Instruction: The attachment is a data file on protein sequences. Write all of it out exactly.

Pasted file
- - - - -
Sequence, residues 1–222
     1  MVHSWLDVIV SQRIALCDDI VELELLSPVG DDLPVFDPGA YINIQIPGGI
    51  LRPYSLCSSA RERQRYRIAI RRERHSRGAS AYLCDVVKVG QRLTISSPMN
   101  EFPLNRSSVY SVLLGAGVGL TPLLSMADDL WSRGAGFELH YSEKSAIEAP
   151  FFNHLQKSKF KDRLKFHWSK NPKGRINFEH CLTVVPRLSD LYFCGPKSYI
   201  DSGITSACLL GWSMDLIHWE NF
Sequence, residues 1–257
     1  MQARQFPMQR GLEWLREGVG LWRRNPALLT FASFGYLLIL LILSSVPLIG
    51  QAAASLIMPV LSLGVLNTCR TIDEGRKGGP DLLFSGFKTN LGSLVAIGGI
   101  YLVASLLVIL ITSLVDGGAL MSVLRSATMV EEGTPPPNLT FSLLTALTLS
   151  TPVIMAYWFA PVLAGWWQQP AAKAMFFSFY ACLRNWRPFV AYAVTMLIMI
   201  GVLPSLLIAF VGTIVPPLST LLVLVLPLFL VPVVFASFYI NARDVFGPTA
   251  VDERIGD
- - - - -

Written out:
Sequence, residues 1–222
     1  MVHSWLDVIV SQRIALCDDI VELELLSPVG DDLPVFDPGA YINIQIPGGI
    51  LRPYSLCSSA RERQRYRIAI RRERHSRGAS AYLCDVVKVG QRLTISSPMN
   101  EFPLNRSSVY SVLLGAGVGL TPLLSMADDL WSRGAGFELH YSEKSAIEAP
   151  FFNHLQKSKF KDRLKFHWSK NPKGRINFEH CLTVVPRLSD LYFCGPKSYI
   201  DSGITSACLL GWSMDLIHWE NF
Sequence, residues 1–257
     1  MQARQFPMQR GLEWLREGVG LWRRNPALLT FASFGYLLIL LILSSVPLIG
    51  QAAASLIMPV LSLGVLNTCR TIDEGRKGGP DLLFSGFKTN LGSLVAIGGI
   101  YLVASLLVIL ITSLVDGGAL MSVLRSATMV EEGTPPPNLT FSLLTALTLS
   151  TPVIMAYWFA PVLAGWWQQP AAKAMFFSFY ACLRNWRPFV AYAVTMLIMI
   201  GVLPSLLIAF VGTIVPPLST LLVLVLPLFL VPVVFASFYI NARDVFGPTA
   251  VDERIGD